Pentax K-r Dynamic Range (JPEG)

Our Dynamic Range measurement system involves shooting a calibrated Stouffer Step Wedge (13 stops total range) which is backlit using a daylight balanced lamp (98 CRI). A single shot of this produces a gray scale wedge from the camera's clipped white point down to black (example below). Each step of the scale is equivalent to 1/3 EV (a third of a stop), we select one step as 'middle gray' (defined as 50% luminance) and measure outwards to define the dynamic range. Hence there are 'two sides' to our results, the amount of shadow range (below middle gray) and the amount of highlight range (above middle gray).

To most people highlight range is the first thing they think about when talking about dynamic range, that is the amount of highlight detail above middle gray the camera can capture before it clips to white. Shadow range is more complicated; in our test the line on the graph stops as soon as the luminance value drops below our defined 'black point' (about 2% luminance) or the signal-to-noise ratio drops below a predefined value (where shadow detail would be swamped by noise), whichever comes first.

Note: this page features our new interactive dynamic range comparison widget. The wedges below the graph are created by our measurement system from the values read from the step wedge, the red lines indicate approximate shadow and highlight range (the dotted line indicating middle gray).

Highlight Correction

The K-r features Pentax's shadow and highlight protection which is applied to the camera's JPEG output and the results are virtually identical to what we've previously seen on the Pentax K-x. With Highlight correction activated ISO 200 becomes the minimum sensitivity setting. The tone curve is also flatter in the highlights and produces approximately one extra stop of highlight range. As with previous Pentax DSLRs our dynamic range test setup was not able to trigger the shadow expansion functionality and therefore we can unfortunately not provide any measurements for this feature.

The sample shots of our studio scene below show the K-r's highlight protection at work. The original shot has been overexposed by approximately 1.5EV which leads to a loss of highlight detail in various areas of the image. If we apply 1EV negative digital exposure compensation to the RAW file some, but not all detail can be recovered. There is also some evidence of channel clipping, resulting in a loss of color information. The camera's highlight protection system can recover at least a small amount of highlight detail, it's therefore worth leaving it on when shooting high contrast scenes.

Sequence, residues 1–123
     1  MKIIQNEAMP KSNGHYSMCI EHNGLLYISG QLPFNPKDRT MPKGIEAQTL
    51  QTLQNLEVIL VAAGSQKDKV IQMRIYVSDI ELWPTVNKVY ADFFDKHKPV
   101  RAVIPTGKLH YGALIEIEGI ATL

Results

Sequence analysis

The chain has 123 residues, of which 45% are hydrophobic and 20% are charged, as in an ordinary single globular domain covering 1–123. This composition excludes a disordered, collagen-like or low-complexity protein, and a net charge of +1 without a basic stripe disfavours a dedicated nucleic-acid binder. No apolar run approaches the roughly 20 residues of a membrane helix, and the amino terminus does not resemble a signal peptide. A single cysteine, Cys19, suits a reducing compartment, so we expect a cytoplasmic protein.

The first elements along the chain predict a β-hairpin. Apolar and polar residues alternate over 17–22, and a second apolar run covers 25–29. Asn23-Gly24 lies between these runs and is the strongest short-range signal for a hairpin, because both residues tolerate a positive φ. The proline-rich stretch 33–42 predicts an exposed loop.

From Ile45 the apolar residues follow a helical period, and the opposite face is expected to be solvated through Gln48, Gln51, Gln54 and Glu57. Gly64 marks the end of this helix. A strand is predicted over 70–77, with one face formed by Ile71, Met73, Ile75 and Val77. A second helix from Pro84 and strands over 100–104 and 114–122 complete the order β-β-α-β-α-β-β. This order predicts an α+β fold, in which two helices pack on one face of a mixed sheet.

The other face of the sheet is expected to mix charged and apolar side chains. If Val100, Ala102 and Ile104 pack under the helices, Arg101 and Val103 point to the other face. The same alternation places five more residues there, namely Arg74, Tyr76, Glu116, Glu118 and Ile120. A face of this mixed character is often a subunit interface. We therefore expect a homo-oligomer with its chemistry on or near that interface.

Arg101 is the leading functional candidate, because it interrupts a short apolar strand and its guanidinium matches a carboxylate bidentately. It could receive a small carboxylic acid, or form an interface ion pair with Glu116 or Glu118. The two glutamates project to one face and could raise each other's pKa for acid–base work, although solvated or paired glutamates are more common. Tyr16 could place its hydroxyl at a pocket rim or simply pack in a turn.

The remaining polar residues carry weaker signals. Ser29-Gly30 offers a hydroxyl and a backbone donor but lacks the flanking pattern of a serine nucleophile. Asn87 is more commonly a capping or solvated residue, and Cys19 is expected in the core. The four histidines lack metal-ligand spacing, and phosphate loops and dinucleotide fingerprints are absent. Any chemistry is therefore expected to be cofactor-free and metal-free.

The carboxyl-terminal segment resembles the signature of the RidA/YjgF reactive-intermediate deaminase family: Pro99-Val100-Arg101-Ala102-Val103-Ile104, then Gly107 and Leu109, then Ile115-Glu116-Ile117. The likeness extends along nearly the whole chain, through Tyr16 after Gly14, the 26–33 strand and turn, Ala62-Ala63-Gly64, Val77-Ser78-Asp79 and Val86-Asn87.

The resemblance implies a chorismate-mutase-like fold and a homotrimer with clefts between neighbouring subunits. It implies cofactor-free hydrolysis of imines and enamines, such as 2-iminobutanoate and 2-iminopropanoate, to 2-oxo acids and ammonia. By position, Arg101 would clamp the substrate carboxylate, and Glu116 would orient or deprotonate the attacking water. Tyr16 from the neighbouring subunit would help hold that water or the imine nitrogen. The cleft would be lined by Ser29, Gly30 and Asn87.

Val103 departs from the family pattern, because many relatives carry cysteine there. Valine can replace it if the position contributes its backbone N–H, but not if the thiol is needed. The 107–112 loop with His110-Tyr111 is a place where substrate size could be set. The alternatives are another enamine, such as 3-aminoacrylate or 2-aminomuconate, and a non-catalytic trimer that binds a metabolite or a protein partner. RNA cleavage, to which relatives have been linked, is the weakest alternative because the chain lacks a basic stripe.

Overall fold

Out-of-camera JPEG - Highlight protection off
ACR conversion - 1EV negative digital exposure compensation
Out-of-camera JPEG - Highlight protection on

The real-life samples below that the K-r has a relatively small 'RAW headroom'. The camera has a slight tendency to overexpose high contrast scenes which in this case has lead to some burned out areas in the sky. Applying negative digital exposure compensation in RAW conversion brings a small amount of detail back but, as one or more color channels have clipped, color information has been lost. When shooting scenes like this we would recommend to always some negative exposure compensation.

Out-of-camera JPEG - Highlight protection on
ACR conversion - default settings
ACR conversion - 1EV negative digital exposure compensation

Like previous Pentax DSLRs the K-r lets you choose from a range of image modes. The Bright (default) , Natural, Portrait, Landscape, Vibrant, and Monochrome image modes use essentially the same curve and therefore produce the same amount of dynamic range. The Muted setting uses a more linear, less contrasty curve and Bleach Bypass and Reversal Film have higher contrast but all settings clip highlights at the same point.

The K-r's highlight range remains relatively constant across the sensitivity range. However, as one would expect the measured shadow range decreases as you increase sensitivity. This is mainly due to increased noise and noise reduction smearing.